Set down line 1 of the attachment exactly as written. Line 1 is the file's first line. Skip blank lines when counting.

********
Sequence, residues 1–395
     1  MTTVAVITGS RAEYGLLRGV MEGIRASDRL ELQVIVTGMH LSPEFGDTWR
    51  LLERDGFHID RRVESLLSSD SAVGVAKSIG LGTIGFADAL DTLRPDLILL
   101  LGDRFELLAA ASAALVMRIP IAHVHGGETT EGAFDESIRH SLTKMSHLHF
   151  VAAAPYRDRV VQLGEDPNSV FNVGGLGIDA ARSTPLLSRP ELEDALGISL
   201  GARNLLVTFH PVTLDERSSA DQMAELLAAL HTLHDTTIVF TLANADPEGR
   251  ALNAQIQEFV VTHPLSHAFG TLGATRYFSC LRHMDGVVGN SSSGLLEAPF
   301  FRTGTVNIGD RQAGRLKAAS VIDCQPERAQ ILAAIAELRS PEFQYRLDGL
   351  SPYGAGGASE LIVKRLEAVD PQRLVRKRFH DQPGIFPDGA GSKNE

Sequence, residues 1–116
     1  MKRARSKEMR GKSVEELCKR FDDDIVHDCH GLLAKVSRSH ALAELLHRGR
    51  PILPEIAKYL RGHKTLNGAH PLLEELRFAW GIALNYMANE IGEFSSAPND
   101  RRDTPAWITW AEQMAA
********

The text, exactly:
Sequence, residues 1–395